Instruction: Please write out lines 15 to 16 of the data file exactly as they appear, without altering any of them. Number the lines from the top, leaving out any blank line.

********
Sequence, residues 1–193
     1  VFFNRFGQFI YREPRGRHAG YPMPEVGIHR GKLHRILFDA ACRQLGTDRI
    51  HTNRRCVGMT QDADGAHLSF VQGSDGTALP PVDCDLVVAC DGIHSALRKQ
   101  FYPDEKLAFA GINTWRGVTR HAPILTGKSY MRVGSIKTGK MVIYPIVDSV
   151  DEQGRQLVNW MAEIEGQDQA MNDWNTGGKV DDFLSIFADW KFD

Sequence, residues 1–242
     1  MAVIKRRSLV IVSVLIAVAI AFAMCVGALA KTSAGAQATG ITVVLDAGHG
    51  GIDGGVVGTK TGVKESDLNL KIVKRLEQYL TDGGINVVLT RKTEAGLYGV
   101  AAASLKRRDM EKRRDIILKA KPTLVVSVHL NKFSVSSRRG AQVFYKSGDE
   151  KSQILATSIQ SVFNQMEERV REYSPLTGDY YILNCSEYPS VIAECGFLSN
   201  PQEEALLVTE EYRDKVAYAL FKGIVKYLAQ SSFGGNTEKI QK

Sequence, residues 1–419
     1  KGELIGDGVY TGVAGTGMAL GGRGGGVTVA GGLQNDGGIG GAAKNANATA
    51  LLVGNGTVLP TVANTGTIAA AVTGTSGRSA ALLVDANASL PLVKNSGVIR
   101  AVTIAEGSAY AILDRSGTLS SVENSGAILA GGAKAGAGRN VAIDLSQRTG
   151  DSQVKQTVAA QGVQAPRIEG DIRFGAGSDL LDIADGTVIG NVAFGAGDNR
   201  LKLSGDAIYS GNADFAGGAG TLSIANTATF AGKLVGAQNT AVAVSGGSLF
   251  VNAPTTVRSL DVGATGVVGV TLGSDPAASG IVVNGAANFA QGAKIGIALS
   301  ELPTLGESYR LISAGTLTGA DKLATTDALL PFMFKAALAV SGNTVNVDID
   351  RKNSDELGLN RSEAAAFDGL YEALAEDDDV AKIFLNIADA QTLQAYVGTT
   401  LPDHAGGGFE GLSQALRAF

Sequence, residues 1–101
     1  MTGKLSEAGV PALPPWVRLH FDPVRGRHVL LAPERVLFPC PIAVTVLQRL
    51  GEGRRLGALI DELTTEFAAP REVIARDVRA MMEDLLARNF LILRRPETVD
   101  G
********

   101  AVTIAEGSAY AILDRSGTLS SVENSGAILA GGAKAGAGRN VAIDLSQRTG
   151  DSQVKQTVAA QGVQAPRIEG DIRFGAGSDL LDIADGTVIG NVAFGAGDNR